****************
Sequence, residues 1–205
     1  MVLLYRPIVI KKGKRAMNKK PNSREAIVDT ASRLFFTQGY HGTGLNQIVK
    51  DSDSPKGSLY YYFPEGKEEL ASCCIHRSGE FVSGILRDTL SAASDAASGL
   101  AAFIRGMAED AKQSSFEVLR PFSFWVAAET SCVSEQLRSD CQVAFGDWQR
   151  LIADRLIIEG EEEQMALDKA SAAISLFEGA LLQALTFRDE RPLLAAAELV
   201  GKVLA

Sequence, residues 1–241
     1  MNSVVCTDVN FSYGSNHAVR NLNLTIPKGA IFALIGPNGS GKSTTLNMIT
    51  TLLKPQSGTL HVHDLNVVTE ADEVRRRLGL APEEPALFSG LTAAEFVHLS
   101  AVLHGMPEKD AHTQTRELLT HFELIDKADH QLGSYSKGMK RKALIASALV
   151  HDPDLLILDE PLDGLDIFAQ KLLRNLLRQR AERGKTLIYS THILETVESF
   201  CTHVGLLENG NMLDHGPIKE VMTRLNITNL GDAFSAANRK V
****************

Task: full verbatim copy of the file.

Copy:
Sequence, residues 1–205
     1  MVLLYRPIVI KKGKRAMNKK PNSREAIVDT ASRLFFTQGY HGTGLNQIVK
    51  DSDSPKGSLY YYFPEGKEEL ASCCIHRSGE FVSGILRDTL SAASDAASGL
   101  AAFIRGMAED AKQSSFEVLR PFSFWVAAET SCVSEQLRSD CQVAFGDWQR
   151  LIADRLIIEG EEEQMALDKA SAAISLFEGA LLQALTFRDE RPLLAAAELV
   201  GKVLA

Sequence, residues 1–241
     1  MNSVVCTDVN FSYGSNHAVR NLNLTIPKGA IFALIGPNGS GKSTTLNMIT
    51  TLLKPQSGTL HVHDLNVVTE ADEVRRRLGL APEEPALFSG LTAAEFVHLS
   101  AVLHGMPEKD AHTQTRELLT HFELIDKADH QLGSYSKGMK RKALIASALV
   151  HDPDLLILDE PLDGLDIFAQ KLLRNLLRQR AERGKTLIYS THILETVESF
   201  CTHVGLLENG NMLDHGPIKE VMTRLNITNL GDAFSAANRK V